Typically, the settling rate of PHA microbeads depends on a number of factors, including but not limited to the chemical composition of the PHA microbeads, the shape of the microbeads, and the size of the microbeads. In general, PHA microbeads that are larger and more spherical tend to sink more quickly, while PHA microbeads with very low circularity tend to remain on the surface. For example, PHA microbeads created by applying high shear forces (e.g., with a blender) to PHA pellets tended to have low circularity, and a significant fraction of such PHA microbeads remained on the surface during the Settleable Solids Standard Method for the Examination of Water and Wastewater. These PHA microbeads are not well-suited to personal care formulations, as they tend to be too abrasive, and are likely to be more persistent in the environment since they do not readily sink to the bottom of an aquatic system.
 Benthic tube building worms and amphipods (and some insect larvae in freshwater systems), gather, bury, process, and in some cases cement (with mucus) sand, silt, and other particles found on the bottom sediments. As discussed above, PHA microbeads tend to sink. Once on the bottom, the PHA microbeads can be incorporated into tubes alongside sand or silt particles, retained in biodeposits, or buried in the sediment (for example, see FIGS. 5A, 5B, and 5C), reducing the opportunity for PHA microbead re-suspension, and accelerating rapid microbial degradation into benign monomers and oligomers. In contrast, polyethylene and polypropylene have relative densities less than 1.0 and float, thus greatly increasing their availability to aquatic organisms in the water column. Polyethylene and similar nondegradable plastics can sorb persistent organic pollutants, and since these plastics float they can end up washed up in concentration on intertidal beaches. Benthic organisms that attempt to utilize these particles can be exposed to toxics over very long time periods. Selective sequestering of PHA by bottom dwelling organisms is an advantageous property for rapid biodegradation of PHA microbeads.
 Personal care formulations useful for the methods of the invention may comprise the aforementioned PHA microbeads or combinations of said PHA microbeads. Suitable personal care formulations may comprise from 0.1%, 0.3%, 0.5%, or 1% to 20%, 10%, 7%, or 4%, by weight of the total composition, of said PHA microbeads.
 A personal care formulation useful for the methods of the invention may be, for example, a skin care, lip care, anti-perspirant, deodorant, cosmetic, oral care, or hair care product, and can be applied to the face, neck, hands, arms, mouth, hair, or any other part of the body. The personal care formulation may be used as, for example, a moisturizer, conditioner, toothpaste, anti-aging compound, skin lightener, sunscreen, sunless tanner, shave preparation, lipstick, foundation, mascara, after-shave, and combinations thereof.
 The personal care formulation may involve a wide variety of forms. Non-limiting examples include simple solutions (e.g., water or oil-based), dispersions, and emulsions. The personal care formulation may be substantially anhydrous. "Substantially anhydrous" means that the composition comprises no more than about 1%, 0.5%, or, 0% water. The personal care compositions may be fluid or solid (gels, sticks, flowable solids, amorphous materials). In certain embodiments, the personal care composition is in the form of an emulsion. Emulsions may be generally classified as having a continuous aqueous phase (e.g., oil-in-water and water-in-oil-in-water) or a continuous oil phase (e.g., water-in-oil and oil-in-water-in-oil).
 In select embodiments, the personal care formulation may be in a form comprising at least one discrete, visually distinct first phase and at least one discrete, visually distinct second phase. For purposes of these select embodiments, "visually distinct" means that the phases can be separately seen by the human eye as distinctly separate regions (i.e., not emulsions or dispersions of particles).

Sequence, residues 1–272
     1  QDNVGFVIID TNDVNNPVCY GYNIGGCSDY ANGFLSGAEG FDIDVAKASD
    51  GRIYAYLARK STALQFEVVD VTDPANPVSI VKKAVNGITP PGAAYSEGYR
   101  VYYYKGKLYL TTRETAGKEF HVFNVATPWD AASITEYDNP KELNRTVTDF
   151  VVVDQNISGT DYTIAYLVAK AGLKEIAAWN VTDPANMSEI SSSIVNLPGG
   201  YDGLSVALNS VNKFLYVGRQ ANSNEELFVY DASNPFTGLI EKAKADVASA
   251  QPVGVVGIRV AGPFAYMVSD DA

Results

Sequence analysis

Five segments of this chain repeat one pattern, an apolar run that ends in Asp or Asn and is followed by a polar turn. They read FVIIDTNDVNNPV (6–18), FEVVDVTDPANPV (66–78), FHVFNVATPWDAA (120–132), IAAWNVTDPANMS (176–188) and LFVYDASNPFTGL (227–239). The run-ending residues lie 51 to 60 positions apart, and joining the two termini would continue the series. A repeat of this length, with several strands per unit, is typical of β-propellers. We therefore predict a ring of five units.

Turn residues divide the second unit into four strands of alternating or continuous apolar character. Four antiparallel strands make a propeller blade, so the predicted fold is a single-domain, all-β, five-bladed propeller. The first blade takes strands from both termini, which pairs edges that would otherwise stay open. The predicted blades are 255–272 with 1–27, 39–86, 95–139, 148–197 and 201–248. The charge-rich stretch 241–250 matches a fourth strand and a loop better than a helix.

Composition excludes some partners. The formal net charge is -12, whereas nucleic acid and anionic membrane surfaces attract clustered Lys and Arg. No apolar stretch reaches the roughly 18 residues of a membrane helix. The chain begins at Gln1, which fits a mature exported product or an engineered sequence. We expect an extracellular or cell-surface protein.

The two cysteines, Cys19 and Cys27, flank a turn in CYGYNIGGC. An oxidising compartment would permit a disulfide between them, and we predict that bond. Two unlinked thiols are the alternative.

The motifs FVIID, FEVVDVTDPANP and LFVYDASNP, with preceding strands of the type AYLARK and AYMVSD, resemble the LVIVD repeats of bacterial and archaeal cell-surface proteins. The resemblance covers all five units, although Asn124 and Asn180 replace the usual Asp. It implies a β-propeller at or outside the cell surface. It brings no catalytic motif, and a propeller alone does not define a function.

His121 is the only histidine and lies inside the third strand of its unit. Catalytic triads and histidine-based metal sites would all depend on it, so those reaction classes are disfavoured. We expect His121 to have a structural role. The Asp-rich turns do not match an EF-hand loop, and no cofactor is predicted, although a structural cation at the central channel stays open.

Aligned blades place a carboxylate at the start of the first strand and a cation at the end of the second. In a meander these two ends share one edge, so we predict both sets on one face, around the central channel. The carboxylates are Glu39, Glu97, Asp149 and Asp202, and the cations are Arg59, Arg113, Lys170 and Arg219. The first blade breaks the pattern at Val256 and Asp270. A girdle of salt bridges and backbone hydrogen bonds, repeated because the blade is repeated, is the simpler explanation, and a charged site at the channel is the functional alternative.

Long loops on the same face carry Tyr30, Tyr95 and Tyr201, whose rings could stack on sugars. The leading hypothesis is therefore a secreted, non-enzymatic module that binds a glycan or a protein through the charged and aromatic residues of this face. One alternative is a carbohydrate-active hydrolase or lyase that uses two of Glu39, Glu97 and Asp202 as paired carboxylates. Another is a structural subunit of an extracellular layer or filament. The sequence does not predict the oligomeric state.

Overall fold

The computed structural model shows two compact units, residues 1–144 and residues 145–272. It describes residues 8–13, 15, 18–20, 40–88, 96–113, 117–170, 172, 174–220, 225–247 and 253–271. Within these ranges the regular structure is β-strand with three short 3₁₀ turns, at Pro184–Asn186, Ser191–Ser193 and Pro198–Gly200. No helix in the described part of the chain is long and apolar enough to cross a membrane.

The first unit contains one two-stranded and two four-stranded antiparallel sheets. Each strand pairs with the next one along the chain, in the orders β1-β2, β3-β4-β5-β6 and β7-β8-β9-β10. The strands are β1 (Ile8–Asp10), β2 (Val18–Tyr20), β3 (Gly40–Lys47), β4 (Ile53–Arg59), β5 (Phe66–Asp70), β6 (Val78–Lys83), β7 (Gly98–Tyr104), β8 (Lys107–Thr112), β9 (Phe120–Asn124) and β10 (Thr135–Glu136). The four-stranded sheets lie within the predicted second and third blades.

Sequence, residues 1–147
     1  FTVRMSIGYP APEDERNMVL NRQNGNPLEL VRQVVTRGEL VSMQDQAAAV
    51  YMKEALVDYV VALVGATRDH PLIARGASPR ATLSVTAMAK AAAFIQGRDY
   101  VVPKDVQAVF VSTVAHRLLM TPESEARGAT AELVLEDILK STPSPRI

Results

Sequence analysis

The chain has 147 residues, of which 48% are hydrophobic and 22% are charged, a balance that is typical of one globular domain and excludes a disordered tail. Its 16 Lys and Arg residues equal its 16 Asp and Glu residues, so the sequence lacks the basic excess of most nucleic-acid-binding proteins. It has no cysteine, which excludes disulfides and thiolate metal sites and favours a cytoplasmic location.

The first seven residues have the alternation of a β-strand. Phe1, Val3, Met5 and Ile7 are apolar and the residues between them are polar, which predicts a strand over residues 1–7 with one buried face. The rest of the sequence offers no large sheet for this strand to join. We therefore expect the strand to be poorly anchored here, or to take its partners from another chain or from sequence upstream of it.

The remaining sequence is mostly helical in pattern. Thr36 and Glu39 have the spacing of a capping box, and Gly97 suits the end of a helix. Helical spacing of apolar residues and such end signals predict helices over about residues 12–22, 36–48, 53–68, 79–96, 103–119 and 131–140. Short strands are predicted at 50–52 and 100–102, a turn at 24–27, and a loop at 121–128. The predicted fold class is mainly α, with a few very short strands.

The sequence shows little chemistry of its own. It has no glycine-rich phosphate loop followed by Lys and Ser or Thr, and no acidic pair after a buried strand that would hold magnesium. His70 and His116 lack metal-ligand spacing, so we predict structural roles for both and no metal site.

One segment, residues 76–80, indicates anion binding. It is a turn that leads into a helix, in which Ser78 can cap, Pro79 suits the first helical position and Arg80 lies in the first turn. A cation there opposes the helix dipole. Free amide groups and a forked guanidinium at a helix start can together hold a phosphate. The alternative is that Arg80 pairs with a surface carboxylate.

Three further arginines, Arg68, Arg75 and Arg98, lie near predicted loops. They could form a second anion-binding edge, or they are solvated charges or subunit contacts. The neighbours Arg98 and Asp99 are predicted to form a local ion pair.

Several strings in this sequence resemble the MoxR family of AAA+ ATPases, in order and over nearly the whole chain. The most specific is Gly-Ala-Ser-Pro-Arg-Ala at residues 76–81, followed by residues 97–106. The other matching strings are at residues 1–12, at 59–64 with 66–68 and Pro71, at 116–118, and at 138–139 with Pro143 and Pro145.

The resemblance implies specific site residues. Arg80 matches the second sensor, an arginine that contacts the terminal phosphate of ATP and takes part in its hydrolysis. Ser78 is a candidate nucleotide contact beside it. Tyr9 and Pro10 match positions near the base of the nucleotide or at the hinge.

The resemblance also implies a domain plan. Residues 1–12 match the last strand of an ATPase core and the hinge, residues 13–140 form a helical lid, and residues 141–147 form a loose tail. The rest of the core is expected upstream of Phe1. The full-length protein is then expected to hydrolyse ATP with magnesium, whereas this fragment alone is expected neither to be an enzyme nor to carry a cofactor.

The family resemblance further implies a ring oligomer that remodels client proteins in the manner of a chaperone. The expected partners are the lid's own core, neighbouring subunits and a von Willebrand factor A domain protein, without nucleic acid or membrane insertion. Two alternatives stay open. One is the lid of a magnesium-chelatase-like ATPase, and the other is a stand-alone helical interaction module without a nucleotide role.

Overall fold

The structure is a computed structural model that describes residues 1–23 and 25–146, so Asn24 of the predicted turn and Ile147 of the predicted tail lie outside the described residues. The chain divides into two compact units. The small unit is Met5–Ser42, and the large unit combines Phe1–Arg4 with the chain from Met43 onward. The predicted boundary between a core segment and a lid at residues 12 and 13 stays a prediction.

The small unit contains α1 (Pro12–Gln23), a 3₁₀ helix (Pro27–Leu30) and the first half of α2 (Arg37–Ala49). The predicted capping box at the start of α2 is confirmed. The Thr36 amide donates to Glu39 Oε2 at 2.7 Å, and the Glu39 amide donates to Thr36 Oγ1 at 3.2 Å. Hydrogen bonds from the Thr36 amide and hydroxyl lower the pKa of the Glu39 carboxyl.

The personal care formulation may comprise a carrier. Carriers may be selected for various stability, aesthetics, and/or compatibility with other materials present in the personal care formulation. Suitable carriers include water and/or water soluble solvents. The personal care formulation may comprise from about 1% to about 95% by weight of water and/or water-equivalent solvent. The composition may comprise from about 1%, 3%, 5%, 10%, 15%, 20%, 25%, 30%, 35%, 40%, 45%, 50%, 55%, 60%, 65%, 70%, 75%, 80%, 85%, or 90% to about 90%, 85%, 80%, 75%, 70%, 65%, 60%, 55% ,50%, 45%, 40%, 35%, 30%, 25%, 20%, 15%, 10%, or 5% water and/or a water-equivalent solvent. "Water-equivalent solvent" refers to a compound which has a similar ability as water to solubilize a material. Suitable water-equivalent solvents include monohydric alcohols, dihydric alcohols, polyhydric alcohols, glycerol, glycols, polyalkylene glycols such as polyethylene glycol, and mixtures thereof. Particularly suitable solvents, include lower aliphatic alcohols such as ethanol, propanol, butanol, isopropanol; diols such as 1,2-propanediol, 1,3-propanediol, butanediol, pentanediol, hexanediol, heptanediol, decanediol; glycerin; water, and mixtures thereof. In certain embodiments, the personal care composition comprises water, diols, glycerin, and combinations thereof.
 Suitable carriers also include oils. The personal care composition may comprise from about 1% to about 95% by weight of one or more oils. The composition may comprise from about 1%, 3%, 5%, 10%, 15%, 20%, 25%, 30%, 35%, 40%, 45%, 50%, 55%, 60%, 65%, 70%, 75%, 80%, 85%, or 90% to about 90%, 85%, 80%, 75%, 70%, 65%, 60%, 55%, 50%, 45%, 40%, 35%, 30%, 25%, 20%, 15%, 10%, or 5% of one or more oils. Oils may be used to solubilize, disperse, or carry materials that are not suitable for water or water-equivalent solvents. Suitable oils include silicones, hydrocarbons, esters, fatty amides, ethers, and mixtures thereof. Oils may be fluid at room temperature. However, certain personal care product forms (i.e., solid or semi-solid stick) may require non-fluid oils. The oils may be volatile or nonvolatile. "Non-volatile" means a material that exhibits a vapor pressure of no more than about 0.2 mm Hg at 25° C. at one atmosphere and/or a material that has a boiling point at one atmosphere of at least about 300° C. "Volatile" means that the material exhibits a vapor pressure of at least about 0.2 mm of mercury at 20° C. Volatile oils may be used to provide a lighter feel when a heavy, greasy film is undesirable.